This is excerpted from a recent blog by Bill McKibben about the larger significance of the Deepwater Horizon Oil Blowout.
Let’s think about the stories that are suggested by [the Deepwater Horizon blowout].
One has something to do with peak oil. BP has gone to all this trouble for a well that taps into what they now think may be 100 million barrels of oil. And that’s… five days supply for the U.S? Does that give you any sense of the precariousness of the arrangements under-girding our economy right at the moment?
Another — even more important — has to do with global warming. Let’s assume that the oil from the Deepwater Horizon made it safely onshore and was refined and then burned in the gas tank of your car. What then? Well, the CO2 in the atmosphere would be doing at least as much damage as the oil spreading across the Gulf. Consider the following things that have happened since the Deepwater exploded:
* Asia and Southeast Asia have each recorded their hottest temperatures ever — 129 degrees in Pakistan, and 117 in Burma. India is having the worst heatwave since the British started keeping records — people are dying by the hundreds.
* We’ve seen the biggest rainstorms ever recorded in lots of places, from Nashville to Guatemala — the clear result of an atmosphere made 5% wetter because warm air holds more water vapor than cold.
* Satellite data has shown that Arctic ice is now melting even faster than in the record year of 2007.
* NASA has released new statistics showing that the past 12 months were the warmest on record and that 2010 is almost certain to set the title for the warmest calendar year yet.
All of these, it seems to me, could be considered parts of the Deepwater Horizon story because they demonstrate that fossil fuel is everywhere dirty. They change the political question from “is Obama angry enough” to “can Obama lead a credible fight for real energy and climate legislation?” More to the point, they connect with the mood of existential despair and anger that the oil spill has set off across the country. People are sad and bitter only in part because they see those pelicans oiled; mostly, they sense correctly that our leaders have yet to deal with what is clearly the biggest problem we face: the transition off of fossil fuels.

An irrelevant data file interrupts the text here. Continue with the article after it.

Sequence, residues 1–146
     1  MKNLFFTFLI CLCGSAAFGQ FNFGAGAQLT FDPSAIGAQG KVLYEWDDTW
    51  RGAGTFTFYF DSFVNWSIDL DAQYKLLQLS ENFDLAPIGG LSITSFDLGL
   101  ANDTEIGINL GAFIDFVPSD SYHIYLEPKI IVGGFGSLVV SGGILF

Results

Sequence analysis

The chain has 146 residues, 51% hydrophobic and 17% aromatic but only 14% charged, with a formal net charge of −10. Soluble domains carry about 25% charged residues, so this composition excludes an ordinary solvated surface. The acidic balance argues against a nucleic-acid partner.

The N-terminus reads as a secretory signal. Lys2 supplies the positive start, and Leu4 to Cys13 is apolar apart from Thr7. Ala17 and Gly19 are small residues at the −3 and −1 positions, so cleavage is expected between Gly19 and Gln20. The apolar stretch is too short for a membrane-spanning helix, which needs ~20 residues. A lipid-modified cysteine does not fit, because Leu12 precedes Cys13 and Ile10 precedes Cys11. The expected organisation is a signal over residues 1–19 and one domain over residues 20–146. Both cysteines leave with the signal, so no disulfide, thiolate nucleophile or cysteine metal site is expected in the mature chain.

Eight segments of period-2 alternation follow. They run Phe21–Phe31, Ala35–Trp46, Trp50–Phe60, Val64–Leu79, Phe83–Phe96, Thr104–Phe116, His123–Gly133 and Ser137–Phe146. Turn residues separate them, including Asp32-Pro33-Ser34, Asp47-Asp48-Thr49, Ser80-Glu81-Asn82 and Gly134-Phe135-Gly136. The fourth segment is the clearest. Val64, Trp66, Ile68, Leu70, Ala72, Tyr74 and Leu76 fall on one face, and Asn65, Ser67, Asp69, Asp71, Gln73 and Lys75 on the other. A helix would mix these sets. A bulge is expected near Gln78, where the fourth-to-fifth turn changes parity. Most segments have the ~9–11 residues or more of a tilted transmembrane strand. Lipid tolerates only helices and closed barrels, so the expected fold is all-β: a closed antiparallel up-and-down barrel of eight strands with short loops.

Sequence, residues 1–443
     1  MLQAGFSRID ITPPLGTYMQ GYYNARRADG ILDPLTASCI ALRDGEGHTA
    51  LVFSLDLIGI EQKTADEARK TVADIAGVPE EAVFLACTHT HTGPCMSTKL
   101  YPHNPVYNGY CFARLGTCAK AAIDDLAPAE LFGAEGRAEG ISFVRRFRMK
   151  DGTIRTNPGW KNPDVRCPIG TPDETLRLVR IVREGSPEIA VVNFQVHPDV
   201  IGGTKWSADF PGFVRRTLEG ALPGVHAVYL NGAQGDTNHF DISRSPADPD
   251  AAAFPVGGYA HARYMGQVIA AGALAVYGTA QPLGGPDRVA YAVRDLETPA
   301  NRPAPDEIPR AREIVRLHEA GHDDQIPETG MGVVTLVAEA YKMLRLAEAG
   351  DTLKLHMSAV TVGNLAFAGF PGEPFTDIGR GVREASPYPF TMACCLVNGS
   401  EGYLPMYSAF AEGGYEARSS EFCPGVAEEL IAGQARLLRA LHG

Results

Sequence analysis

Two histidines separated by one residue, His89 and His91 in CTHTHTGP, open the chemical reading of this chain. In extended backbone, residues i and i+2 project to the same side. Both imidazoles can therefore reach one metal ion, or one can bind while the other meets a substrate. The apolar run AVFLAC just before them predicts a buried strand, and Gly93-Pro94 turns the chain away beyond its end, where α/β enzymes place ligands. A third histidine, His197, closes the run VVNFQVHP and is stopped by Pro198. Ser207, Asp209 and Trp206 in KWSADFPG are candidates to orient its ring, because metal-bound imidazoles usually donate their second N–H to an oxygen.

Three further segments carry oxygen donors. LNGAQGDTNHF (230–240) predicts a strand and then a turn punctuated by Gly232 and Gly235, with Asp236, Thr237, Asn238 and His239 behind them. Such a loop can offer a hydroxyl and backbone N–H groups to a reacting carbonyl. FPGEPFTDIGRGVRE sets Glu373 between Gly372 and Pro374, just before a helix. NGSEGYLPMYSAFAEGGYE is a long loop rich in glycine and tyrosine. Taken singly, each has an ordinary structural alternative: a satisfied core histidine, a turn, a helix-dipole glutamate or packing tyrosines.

The questions that the Gulf spill raises, in other words, go well beyond: How big an idiot is Tony Hayward? What will happen to the tourist economy of the Gulf? How cool is James Cameron’s minisub? The questions are more like: How out of balance with the natural world are we? And what would it require to get back in balance?
You’d need to interview not just oil execs and colorful shrimpers, but nature writers, solar pioneers and psychologists.
There’s nothing pat about what’s going on in the Gulf. It’s the most vivid sign we’ve yet had that we are running into the kind of limits that people started talking about way back at that first Earth Day. But its meaning risks disappearing beneath the endless stories about Top Hat and Junk Shot. BP’s great victory will come if it need merely confess to technical overreach and pay a few billion in fines — if that happens, it can get back to making serious money, and the planet can get back to burning.